v. If in doubt, class in 00 for later consideration. Note also that there are many subjects where there are not yet enough material to create suitable sections and divisions.

Unfinished works
Most unfinished work, manuscripts, outlines, etc. can be classed in -19 in the appropriate class or, if covering more than one class, in History, P.30-39 under author.

Journals and newsletters
Journals, magazines are classified in .05 (Serials) within their subject, e.g. Society newsletters under the Society, general journals for teachers and pupils in D.

The reader rule
If there is no provision to show more than one of the aspects or characteristics (see Notes), a choice should be made on the basis of where the article will be found most useful for a reader seaching under a specific subject (because a choice must be made among general characteristics)

The place in the classification is determined by the intent of the author (as perceived by the reader) and the interest of the readers that the author is seeking to reach (not by the truth, falsity or validity of interpretations and premises). For example, if a writer claims his article to be on the Alexander Technique, then it is treated as such.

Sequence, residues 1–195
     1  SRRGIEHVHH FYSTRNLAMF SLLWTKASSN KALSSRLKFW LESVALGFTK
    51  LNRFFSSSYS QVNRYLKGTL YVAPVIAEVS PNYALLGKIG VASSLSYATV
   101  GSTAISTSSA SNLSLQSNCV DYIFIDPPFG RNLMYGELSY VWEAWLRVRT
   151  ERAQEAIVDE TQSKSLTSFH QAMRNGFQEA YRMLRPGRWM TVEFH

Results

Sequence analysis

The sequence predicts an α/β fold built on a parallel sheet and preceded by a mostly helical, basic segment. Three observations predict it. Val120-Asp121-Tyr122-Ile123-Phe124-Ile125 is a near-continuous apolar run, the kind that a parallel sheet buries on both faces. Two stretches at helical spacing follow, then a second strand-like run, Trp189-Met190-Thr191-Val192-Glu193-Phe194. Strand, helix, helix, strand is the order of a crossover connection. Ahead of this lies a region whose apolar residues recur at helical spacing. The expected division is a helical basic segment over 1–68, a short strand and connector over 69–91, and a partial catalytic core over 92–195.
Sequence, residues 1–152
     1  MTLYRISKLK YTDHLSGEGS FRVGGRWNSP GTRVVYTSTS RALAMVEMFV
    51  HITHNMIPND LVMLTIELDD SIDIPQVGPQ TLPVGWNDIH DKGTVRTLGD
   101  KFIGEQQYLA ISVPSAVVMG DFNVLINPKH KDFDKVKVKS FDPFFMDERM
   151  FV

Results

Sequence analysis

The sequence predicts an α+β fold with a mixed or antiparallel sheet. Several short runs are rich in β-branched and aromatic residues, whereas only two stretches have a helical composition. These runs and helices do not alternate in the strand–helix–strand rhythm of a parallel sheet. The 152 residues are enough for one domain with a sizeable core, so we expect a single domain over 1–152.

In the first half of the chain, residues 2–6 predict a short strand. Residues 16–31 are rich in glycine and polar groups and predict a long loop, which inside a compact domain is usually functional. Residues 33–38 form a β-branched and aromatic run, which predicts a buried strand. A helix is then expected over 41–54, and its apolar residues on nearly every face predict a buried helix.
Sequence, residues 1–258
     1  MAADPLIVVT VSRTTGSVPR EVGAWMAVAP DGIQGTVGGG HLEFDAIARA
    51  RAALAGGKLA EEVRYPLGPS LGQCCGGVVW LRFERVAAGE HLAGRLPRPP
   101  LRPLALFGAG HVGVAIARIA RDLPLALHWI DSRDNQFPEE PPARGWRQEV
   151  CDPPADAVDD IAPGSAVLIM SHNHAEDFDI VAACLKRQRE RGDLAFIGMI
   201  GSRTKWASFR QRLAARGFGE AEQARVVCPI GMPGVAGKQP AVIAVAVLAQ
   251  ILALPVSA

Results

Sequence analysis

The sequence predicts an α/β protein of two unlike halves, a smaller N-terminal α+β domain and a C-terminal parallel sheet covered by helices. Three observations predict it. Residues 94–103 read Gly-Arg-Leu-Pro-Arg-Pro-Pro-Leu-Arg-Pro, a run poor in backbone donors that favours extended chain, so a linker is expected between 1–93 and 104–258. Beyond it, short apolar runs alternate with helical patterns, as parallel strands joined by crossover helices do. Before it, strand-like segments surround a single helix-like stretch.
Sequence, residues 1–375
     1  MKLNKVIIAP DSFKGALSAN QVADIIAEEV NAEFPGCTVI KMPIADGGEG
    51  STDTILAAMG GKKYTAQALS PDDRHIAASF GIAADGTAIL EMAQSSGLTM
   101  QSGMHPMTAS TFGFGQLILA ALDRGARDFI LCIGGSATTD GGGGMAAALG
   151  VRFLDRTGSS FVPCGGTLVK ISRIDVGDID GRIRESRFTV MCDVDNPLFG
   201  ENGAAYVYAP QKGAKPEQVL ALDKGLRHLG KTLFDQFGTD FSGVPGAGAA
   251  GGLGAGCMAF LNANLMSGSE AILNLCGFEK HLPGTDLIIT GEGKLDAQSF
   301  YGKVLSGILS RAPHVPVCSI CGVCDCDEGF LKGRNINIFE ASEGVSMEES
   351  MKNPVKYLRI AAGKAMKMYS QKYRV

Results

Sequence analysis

Published letters
Letters to the editor should as a guide be classed under the same subject as the article or review the letter is responding to (if the letter is a response). However, where the response is dealing with a different subject it should be classified under that subject. Where title is missing or editor’s title is unhelpful (e.g. “Angry readers respond!”), the archivist is allowed to use the title to which the letter refers to or, if the letter deals with a different subject than the original article, to add a subtitle in parenthesis which is descriptive in character (preferably by chosing a wording used by the author).

For more details

   The classification system
   Manual for classification
   For archivists

Notes on the first twenty standard sub-divisions

04 Use only for news items and announcements which cannot be classified in other categories. For example, announcements for conferences, workshops, etc. are classed in R.
06 Collection of information excl. formal research (>.070). Informal information gathering. interview methods. Also policy and methods of libraries, archives, museums.